The Incredible Hulk pilot was conceived as a two-part television movie that would stand alone or pave the way for a weekly television series, if the ratings were good enough. The ratings were good enough, and the pilot spawned a 5 season television series.
This pilot did what any good pilot should do - it set the tone for the core storyline of the series. Unfortunately, not all episodes followed the tone or carried the themes through.
The pilot stars Bill Bixby as Dr. David Banner, Susan Sullivan as Dr. Elaina Marks, Jack Colvin journalist Jack McGee (the series nemesis), and Lou Ferrigno as the Hulk.
WARNING: Beyond here lie spoilers! Watch the episode first if you don't want to ruin any surprises.
In the Beginning...
The pilot begins not with any fanfare, or even what would become the iconic theme. Instead, it begins with a simple quote:
"Within each of us,
ofttimes, there dwells
a mighty and raging fury."
The story opens with idyllic scenes of a couple in love; walks through fields of flowers; holding hands; walking in rain sharing umbrella; getting a kitten; breakfast in bed; looking longinly into each others eyes.... These are visions of Laura, David's wife.
The visions end with couple getting in a fiery car crash, with Laura trapped inside while David tries to free her but proves to be too weak.
Images repeat with increasing speed and build to a crescendo, ending abruptly with David sitting up in bed, with tear filled eyes in a silent, empty bedroom. The way many days begin for him since the death of his wife.
The cinematography works really well here. The idyllic scenes suddenly turn frightful with the car crash, and the crescendo of quick image replay mixed with the cacophony of sound is especially powerful when when both are brought to a sudden and complete end and we are left staring into the face of Bill Bixby with a gut wrenching look of sorrow and loss.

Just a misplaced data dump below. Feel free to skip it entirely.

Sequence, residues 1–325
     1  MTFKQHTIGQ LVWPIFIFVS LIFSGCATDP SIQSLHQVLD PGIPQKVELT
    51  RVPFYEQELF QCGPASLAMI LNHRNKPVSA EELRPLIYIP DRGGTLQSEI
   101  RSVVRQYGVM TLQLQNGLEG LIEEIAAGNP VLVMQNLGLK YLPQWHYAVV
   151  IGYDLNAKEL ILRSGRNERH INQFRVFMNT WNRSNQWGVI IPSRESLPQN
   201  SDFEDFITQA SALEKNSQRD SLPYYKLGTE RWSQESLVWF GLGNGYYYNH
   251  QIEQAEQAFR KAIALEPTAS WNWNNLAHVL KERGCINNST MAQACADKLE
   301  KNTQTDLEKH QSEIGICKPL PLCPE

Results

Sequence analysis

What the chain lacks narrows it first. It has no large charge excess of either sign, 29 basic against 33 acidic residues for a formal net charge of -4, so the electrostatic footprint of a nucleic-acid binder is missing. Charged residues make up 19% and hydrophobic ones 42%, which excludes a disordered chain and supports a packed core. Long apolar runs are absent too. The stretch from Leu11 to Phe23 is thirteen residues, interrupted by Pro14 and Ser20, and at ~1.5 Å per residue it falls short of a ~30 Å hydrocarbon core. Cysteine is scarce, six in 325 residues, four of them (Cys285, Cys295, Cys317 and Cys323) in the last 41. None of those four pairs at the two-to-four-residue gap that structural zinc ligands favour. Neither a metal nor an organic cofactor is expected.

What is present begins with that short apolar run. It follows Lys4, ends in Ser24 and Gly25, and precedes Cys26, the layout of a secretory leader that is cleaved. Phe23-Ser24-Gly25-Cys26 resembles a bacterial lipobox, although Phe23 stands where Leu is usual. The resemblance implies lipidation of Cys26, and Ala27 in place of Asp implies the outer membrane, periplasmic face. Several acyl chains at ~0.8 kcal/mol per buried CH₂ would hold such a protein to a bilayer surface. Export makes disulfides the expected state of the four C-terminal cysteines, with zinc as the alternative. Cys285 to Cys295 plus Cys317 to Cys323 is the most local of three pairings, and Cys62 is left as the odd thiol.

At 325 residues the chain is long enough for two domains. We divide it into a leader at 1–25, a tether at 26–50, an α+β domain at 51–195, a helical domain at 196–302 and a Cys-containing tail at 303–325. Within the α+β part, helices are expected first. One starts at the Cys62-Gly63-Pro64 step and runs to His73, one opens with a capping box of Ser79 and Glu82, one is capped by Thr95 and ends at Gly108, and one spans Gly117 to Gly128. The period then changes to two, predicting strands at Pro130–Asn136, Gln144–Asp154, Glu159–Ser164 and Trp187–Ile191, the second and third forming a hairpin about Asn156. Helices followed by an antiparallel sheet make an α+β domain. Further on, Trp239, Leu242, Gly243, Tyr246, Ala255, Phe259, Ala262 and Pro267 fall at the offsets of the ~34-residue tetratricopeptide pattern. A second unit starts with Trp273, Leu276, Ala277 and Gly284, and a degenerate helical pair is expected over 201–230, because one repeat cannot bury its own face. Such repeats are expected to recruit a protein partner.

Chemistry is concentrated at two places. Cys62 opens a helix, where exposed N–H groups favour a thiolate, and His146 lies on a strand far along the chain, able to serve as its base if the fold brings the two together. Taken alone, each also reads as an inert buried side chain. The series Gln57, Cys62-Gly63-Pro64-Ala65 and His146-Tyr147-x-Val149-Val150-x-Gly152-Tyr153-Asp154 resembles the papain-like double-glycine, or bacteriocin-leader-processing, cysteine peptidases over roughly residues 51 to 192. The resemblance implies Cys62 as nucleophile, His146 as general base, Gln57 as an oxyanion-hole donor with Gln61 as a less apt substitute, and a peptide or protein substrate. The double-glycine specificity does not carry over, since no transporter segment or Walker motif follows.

Things just got real.
Obviously, this is one of the episodes not really intended for children. But it realizes Ken Johnson and Bill Bixby's desire to make a serious, mature version of Stan Lee's trademark, gamma green comic book hero.
This opening scene caught me completely off guard. It was nowhere near what I was expecting when I sat down to watch. I was also entirely hooked by the depth of emotion at the opening scene that I put down my laptop and actually watched the episode.
Part I. A Day in the Life.
The first part of this two part pilot episode is all about the backstory. The intro serves to pull the viewer into what really drives Dr David Banner - loss.
From there, we follow David through a typical day in his life since Laura's death. He's doing research at the Culver Institute. His research is focused on finding the source of human strength, specifically the kind super-human strength people have exhibited in times of panic or crisis.